In this paper, Brown et al. proposed the usage of dictionary entries in addition to the machine translation probabilities that we're used to in the Math of Statistical Machine Translation.

He describes:

We formalize an intuitive account of lexicographic behavior as follows. We imagine that a lexicographer, when constructing an entry for the English word or phrase e, first chooses a random size s, and then selects at random a sample of s instances of the use of e, each with its French translation. We imagine, further, that he includes in his entry for e a list consisting of all of tile translations that occur at least once in his random sample. The probability that he will, in this way, obtain tile list fi, ..., f,,, is

enter image description here

That much is understandable, and the Pr(f|e) in the formula is what we get from the normal machine translation probabilities. and then reweighted by the binomial recursion of finding the probability of the lexicographer choosing the sample sentence given the english word/phrase, i.e. Pr(s|e).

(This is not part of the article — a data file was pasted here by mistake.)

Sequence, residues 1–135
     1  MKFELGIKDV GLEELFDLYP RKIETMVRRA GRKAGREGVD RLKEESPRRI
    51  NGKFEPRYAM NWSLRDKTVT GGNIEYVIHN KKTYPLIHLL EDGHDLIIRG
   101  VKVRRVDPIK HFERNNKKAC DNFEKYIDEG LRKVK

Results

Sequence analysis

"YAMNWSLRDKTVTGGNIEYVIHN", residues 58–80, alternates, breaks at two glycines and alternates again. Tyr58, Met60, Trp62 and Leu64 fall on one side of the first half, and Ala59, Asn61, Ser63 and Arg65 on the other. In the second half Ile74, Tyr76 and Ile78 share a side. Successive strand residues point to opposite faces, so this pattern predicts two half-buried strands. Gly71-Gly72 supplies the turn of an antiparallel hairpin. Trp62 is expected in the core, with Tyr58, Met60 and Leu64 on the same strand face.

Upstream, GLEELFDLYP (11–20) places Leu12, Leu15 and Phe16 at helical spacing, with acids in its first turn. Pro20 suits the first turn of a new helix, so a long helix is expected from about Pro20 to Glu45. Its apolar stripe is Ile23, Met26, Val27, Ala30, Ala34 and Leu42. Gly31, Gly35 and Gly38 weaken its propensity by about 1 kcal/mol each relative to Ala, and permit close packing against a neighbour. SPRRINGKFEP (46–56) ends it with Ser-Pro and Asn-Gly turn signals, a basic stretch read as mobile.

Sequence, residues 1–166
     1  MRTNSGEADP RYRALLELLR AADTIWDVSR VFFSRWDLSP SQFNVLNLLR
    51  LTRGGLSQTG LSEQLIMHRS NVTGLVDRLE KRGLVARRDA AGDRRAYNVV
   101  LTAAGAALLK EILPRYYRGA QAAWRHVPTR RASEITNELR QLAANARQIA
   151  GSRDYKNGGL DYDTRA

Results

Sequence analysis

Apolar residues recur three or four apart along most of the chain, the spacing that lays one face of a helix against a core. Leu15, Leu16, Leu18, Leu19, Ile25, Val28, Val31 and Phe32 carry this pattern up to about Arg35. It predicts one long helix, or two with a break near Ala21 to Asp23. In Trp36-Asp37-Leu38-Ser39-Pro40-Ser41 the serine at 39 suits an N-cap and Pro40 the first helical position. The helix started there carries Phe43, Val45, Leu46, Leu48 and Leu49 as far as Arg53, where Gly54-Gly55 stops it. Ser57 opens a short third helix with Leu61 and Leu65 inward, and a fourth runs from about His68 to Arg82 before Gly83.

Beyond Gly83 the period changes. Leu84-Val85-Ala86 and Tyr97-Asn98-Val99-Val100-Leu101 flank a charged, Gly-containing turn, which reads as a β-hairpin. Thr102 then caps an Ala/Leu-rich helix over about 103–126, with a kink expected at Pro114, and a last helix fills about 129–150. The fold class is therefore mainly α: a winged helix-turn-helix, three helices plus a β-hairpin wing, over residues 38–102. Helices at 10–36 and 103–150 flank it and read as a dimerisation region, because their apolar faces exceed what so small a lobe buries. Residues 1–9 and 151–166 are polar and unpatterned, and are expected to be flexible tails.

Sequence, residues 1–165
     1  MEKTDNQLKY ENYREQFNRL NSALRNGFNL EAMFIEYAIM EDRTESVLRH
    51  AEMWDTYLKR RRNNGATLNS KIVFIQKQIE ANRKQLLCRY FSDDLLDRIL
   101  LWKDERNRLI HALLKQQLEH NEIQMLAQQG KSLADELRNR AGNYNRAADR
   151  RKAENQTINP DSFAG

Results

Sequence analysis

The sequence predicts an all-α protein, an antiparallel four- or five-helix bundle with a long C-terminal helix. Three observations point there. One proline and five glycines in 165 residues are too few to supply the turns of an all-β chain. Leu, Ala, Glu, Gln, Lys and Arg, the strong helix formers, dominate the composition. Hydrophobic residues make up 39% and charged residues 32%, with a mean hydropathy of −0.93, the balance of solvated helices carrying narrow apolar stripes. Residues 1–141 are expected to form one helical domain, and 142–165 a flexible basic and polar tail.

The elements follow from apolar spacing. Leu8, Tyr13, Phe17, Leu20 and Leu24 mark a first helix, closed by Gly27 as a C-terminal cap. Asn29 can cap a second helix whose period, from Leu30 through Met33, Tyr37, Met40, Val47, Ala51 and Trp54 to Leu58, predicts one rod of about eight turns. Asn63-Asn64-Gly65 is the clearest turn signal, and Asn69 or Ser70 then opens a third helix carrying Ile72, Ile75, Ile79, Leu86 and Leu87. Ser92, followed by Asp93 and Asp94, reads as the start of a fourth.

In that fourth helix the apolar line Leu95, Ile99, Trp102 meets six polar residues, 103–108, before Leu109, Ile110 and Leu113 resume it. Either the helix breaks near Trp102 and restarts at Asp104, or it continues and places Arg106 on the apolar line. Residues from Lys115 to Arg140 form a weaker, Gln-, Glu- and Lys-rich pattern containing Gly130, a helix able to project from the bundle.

Then he went on to simply the formula and estimated a Poisson distribution instead of a binomial one and that will simplify the computation to:

enter image description here

Everything still looks okay but there's an additional variable exp^lambda(e) and that he explains is the mean of the Possion distribution of selecting the sample examples given the English source word.

So the question is how did he estimate that exp^lambda(e) from the corpus?


Your Answer

By clicking “Post Your Answer”, you agree to our terms of service, privacy policy and cookie policy

Browse other questions tagged or ask your own question.